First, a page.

• The Dodgers’ Mookie Betts attempts to break up a double play sliding into second base as the Padres’ Fernando Tatis #23 throws to first during their game at Dodger Stadium in Los Angeles Wednesday, August 12, 2020. (Photo by Hans Gutknecht, Los Angeles Daily News/SCNG)

  • The Dodgers’ Chris Taylor #3 scores in the bottom of the fifth inning during their game against the Padres at Dodger Stadium in Los Angeles Wednesday, August 12, 2020. (Photo by Hans Gutknecht, Los Angeles Daily News/SCNG)

  • The Padres’ Wil Myers #4 makes a running catch for the out on a Dodgers Joc Pederson #31 fly ball in the bottom of the fifth inning during their game at Dodger Stadium in Los Angeles Wednesday, August 12, 2020. (Photo by Hans Gutknecht, Los Angeles Daily News/SCNG)

  • Padres starting pitcher Zach Davies #17 during their game against the Dodgers at Dodger Stadium in Los Angeles Wednesday, August 12, 2020. (Photo by Hans Gutknecht, Los Angeles Daily News/SCNG)

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“Sometimes when things aren’t going right or you’re hitting balls hard and not getting hits, you’ve got to find ways to manufacture runs whether that’s bunting or mixing in hit-and-runs, safety squeezes — whatever you need to do to manufacture and kind of build some momentum and build some confidence for the offense,” said Justin Turner whose three-run home run in the eighth inning put the game away.

“You get to see a number go up on the board, it’s good for the offense and helps kind of create momentum and build confidence.”

The offensive slump the Dodgers dragged into Wednesday’s game only got deeper as Padres right-hander Zach Davies held them scoreless on two hits through the first four innings. The Dodgers didn’t get a runner past first base in that time.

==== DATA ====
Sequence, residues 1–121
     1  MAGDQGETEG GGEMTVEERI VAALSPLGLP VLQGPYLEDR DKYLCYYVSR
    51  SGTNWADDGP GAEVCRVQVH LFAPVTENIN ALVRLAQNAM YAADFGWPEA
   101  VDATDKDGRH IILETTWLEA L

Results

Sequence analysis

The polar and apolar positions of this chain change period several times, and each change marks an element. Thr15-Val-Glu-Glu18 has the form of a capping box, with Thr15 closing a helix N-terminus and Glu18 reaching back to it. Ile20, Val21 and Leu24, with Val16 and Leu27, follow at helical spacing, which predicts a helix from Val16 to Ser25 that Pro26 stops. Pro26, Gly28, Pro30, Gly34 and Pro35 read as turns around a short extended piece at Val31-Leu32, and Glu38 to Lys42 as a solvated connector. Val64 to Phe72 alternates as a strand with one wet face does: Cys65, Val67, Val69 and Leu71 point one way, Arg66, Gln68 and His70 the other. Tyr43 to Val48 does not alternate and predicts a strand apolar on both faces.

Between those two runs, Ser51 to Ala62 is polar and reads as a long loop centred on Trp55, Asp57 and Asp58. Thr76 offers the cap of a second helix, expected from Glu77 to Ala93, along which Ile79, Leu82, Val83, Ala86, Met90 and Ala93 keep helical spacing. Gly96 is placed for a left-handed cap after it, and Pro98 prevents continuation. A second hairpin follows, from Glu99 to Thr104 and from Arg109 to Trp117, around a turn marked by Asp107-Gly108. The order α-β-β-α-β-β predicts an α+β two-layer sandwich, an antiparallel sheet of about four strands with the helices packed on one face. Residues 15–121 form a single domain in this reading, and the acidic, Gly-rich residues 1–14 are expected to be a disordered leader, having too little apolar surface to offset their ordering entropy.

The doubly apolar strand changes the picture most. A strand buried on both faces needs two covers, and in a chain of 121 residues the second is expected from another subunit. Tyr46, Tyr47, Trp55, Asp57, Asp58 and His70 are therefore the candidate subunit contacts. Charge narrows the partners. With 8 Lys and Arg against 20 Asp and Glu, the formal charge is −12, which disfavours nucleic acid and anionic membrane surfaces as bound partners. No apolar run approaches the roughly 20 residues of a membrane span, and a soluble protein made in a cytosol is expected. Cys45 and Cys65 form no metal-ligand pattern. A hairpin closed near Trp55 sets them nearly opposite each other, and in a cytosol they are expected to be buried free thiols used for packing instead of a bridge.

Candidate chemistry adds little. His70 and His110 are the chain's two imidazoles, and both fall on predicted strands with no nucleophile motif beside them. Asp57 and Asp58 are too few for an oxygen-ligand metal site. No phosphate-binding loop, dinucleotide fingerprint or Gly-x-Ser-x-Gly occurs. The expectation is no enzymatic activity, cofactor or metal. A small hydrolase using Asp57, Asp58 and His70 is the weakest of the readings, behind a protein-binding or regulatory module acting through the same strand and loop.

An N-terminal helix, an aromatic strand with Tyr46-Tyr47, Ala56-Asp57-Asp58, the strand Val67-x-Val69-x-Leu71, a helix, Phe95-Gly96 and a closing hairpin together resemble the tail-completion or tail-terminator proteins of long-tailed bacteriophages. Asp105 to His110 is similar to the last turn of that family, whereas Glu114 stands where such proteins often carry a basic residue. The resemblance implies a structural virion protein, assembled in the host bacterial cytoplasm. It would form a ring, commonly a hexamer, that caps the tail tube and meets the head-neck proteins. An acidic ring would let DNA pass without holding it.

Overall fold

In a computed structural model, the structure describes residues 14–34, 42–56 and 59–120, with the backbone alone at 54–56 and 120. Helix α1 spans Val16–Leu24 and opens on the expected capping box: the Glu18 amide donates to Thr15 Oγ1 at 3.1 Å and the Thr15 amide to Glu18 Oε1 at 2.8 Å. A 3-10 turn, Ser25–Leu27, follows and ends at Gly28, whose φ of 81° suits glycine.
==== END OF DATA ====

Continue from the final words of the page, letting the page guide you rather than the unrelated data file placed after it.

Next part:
“I don’t like being in the other side of the dugout when he’s throwing everything at the knee and changing speeds and not getting barrels on the baseball,” Dodgers manager Dave Roberts said. “But for me, it’s fun to watch a guy like that pitch and execute a scouting report, work guys to different quadrants. It’s fun to watch. … That’s what he does and he’s exceptional at it.”

But A.J. Pollock drew a leadoff walk in the fifth and Chris Taylor bunted for a hit, dropping one down the third base line with Manny Machado playing deep.

Pollock scored when Edwin Rios hit a line drive back to the mound and Davies deflected it into right field.

That put runners at the corners for Austin Barnes. He dropped the second bunt of the inning. Taylor scored as first baseman Jake Cronenworth elected to throw to second base. It was a bad choice until Rios made a worse one — he beat the throw to second but didn’t slide. Rios was out when his foot came off the base and Fernando Tatis Jr. tagged him.

That represented the first “crooked number” the Dodgers had put on the scoreboard in an inning since Mookie Betts hit a three-run home run in the eighth against the San Francisco Giants on Sunday.

“That was a situational call that I made,” Roberts said of Barnes’ safety squeeze. “But the drag bunt by CT to get us going, that was on him. Edwin gets a hit then we get first and second — we’ve got action. That was good stuff.

“I love the homer as much as anybody, but to manufacture is also fun too.”